Friday, 30 November 2018

Tenancy deposits ..... what to do

Welcome to the next instalment of The Key Place’s regular Scottish Private Rented Sector regulation updates ..... as there are over 150 laws that apply to renting out a property in Scotland, there is a lot to know to ensure that we are doing thing right.

Today we are discussing tenancy deposits. 

It has been six years since the Scottish Government introduced rules that require all deposits to be held by an independent third party tenancy deposit scheme.  I believe that this was been a huge step forward in introducing some trust into the sector.  At the time, people were saying that it won’t make any difference as all landlords and letting agents were, of course, managing deposits in the correct manner ..... but clearly this was not the case as you only have to look at the number of letting agents that were sold around the time of the introduction of these new rules to think that some of their deposit accounts may not have been full!

Legally, anybody who takes a deposit for a Private Rented Sector property needs to lodge it with a third party Tenancy Deposit Scheme within 30 days of a tenancy starting.  There are three Tenancy Deposit Schemes:
  • Safedeposits Scotland.
  • my deposits scotland.
  • Letting Protection Scotland.

A key point to note is that a deposit is a tenant’s unless the landlord/letting agent prove that the landlord should get some/all of the deposit at the end of a tenancy ..... this can only be done at the end of a tenancy.
At the start of a tenancy, you need to do the following:
  • Take the deposit.
  • Lodge it with a Tenancy Deposit Scheme.
  • Formally tell the tenant you have done this (there is a prescribed form to do this).

During a tenancy, the deposit stays in the Tenancy Deposit Scheme.
At the end of a tenancy, you need to do the following:
  • The landlord/letting agent and the tenant should seek to agree the split of the deposit.
  • If both agree, ask the Tenancy Deposit Scheme to pay out on the basis of the agreed split.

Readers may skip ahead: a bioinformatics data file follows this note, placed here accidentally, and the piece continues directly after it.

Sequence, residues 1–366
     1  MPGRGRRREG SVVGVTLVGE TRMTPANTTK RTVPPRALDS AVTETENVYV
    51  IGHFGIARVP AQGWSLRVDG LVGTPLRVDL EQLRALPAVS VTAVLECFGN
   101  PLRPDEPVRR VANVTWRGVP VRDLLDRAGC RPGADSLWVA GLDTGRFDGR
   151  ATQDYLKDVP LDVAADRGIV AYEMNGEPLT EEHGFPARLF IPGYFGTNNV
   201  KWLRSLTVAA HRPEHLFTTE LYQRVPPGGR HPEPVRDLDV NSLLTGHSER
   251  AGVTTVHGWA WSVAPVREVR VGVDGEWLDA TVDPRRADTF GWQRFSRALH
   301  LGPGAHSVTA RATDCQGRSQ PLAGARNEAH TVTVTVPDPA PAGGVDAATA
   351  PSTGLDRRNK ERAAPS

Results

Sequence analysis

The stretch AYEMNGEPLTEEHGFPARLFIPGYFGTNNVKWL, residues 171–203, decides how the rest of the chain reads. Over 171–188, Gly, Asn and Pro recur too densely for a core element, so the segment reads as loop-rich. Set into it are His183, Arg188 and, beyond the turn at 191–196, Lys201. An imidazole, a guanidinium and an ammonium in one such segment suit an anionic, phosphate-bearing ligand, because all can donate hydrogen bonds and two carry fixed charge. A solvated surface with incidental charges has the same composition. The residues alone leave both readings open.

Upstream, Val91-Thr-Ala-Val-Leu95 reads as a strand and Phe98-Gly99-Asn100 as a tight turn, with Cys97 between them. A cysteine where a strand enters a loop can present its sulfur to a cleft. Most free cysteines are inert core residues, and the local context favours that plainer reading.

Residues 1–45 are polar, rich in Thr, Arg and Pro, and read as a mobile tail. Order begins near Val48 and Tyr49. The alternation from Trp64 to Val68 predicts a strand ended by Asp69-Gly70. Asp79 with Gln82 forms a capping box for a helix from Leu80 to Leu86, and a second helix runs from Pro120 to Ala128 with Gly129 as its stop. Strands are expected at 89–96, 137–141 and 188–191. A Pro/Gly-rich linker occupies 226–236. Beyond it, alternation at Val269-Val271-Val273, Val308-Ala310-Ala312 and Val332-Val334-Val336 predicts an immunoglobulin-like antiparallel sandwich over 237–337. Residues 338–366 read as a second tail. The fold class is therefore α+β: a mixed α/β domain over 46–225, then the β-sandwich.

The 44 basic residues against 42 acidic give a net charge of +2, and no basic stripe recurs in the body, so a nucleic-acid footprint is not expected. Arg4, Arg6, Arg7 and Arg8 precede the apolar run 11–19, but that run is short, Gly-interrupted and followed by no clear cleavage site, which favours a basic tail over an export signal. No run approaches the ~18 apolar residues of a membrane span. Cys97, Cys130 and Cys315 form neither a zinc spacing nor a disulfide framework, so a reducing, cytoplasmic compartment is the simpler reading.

• If both the tenant and the landlord/letting agent do not agree, then the fun starts .....

If the landlord/letting agent and the tenant do not agree how the deposit should be split, then the case goes to the Tenancy Deposit Scheme’s arbitration systems.  In this case:
  • The landlord/letting agent give the Tenancy Deposit Scheme their view of how the deposit should be split between the landlord and the tenant along with the evidence backing up this view.
  • The tenant does the same thing.
  • Once the Tenancy Deposit Scheme gets this information, it passes it to their arbiter who decides how the deposit is split based on the EVIDENCE only ..... they do not speak to the landlord/letting agent or the tenant.

At The Key Place, we have extensive experience of tenancy deposit schemes including the arbitration process which is the most complicated aspect.  Based on this, here are some helpful hints:
  • Always follow the TDS rules .... there are fines of up to three times the deposit amount if you don’t.
  • The law has been amended recently to make it really clear that money received from a tenant can only be rent or deposit ..... it cannot be anything else whatever name you may give it.
  • Evidence is key to getting any money from a tenant’s deposit
  • Key pieces of evidence are:

      Detailed inventory at the start of the tenancy.

      Check out report at the end of the tenancy.

      Detailed rent records.
  • Arbitration submissions .... these are a wee bit of science and a wee bit of art so it is best to get somebody who has experience of these to manage the process for you.

We at The Key Place are always happy to help with deposit scheme queries, just give us a shout.  

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